Dan Rather hid his, but when he had to spend hours on TV covering an election or some other big news story, it would sometimes come to the surface. He was from Texas, you see, but since the CBS nightly news broadcast to the entire United States, his regional accent had to go.
I’m not sure that there is an “American accent,” as the television age certainly greatly contributed to the weakening of the regional voice. Nevertheless, when I moved to Minnesota, people recognized that I wasn’t a native to the state, but most weren’t very good at guessing where I was from. It made me chorkle when some guessed I was from Texas. Texas? Not bloody likely.
When we’re calling customer service to help us with our problems, we want to be able to understand the person on the other end of the line; however, I find it humorous that Indians are being trained to speak with an American (or Canadian) accent. According to Thomas Friedman, Indians working at call centers develop “self-confidence.” Now, I think Friedman is suggesting that the job gives the Indian worker self-confidence, but it troubles me to think about the supplemental point he chooses not to focus on: Indians gain self-confidence through a loss of identity. If these customer service agents do their job optimally, then the customer will never know that they are speaking to someone from halfway around the world. In fact, although Friedman doesn’t mention this, Indians not only learn to hide their accents, but they are also provided with suitable names. Thus, Vikram, for purposes of making the customer feel more at ease, becomes Victor – or more probably, something even simpler, like Bob.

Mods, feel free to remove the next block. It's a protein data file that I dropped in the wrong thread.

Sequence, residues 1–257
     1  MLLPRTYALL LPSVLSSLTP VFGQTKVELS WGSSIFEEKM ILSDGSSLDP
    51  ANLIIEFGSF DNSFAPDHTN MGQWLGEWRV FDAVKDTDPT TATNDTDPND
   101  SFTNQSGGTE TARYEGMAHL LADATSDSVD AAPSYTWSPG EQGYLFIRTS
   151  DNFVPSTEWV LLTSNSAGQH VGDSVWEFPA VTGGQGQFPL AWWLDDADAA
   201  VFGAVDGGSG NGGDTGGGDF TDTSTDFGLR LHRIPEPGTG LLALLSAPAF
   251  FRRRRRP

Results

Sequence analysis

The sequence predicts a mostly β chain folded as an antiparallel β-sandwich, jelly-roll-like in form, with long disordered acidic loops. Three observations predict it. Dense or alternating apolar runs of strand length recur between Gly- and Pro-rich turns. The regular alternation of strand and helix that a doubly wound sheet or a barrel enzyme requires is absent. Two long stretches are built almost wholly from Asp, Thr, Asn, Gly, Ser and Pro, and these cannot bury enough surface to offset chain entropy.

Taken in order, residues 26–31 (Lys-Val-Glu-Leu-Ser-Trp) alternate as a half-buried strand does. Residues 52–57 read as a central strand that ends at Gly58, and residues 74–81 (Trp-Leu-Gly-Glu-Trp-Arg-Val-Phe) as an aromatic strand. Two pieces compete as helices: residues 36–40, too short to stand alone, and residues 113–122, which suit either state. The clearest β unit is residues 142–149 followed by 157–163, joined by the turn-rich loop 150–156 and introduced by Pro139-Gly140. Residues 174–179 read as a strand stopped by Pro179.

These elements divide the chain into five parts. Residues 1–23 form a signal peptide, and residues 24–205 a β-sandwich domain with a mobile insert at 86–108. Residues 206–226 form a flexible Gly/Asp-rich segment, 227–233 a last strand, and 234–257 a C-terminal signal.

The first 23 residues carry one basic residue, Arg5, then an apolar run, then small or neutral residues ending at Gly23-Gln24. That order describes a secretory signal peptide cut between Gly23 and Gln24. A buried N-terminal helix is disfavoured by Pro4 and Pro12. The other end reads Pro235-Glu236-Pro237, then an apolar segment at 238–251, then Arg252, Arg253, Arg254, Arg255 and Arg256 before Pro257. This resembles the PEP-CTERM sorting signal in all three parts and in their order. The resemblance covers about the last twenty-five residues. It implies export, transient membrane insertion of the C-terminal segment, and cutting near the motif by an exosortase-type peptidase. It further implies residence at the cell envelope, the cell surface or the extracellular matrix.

It’s the continued generalization of the world at work here. Yes, I can understand why Indians appreciate call center jobs. They pay well for the region, and they give the workers opportunities to continue their education. Friedman even suggests that they give female employees leverage when it comes to deciding who to pick as a mate.
Is the opportunity to “transform a life” worth transforming, or losing, one’s identity?
“Accent your positive, and delete your negative.” – Donna Karan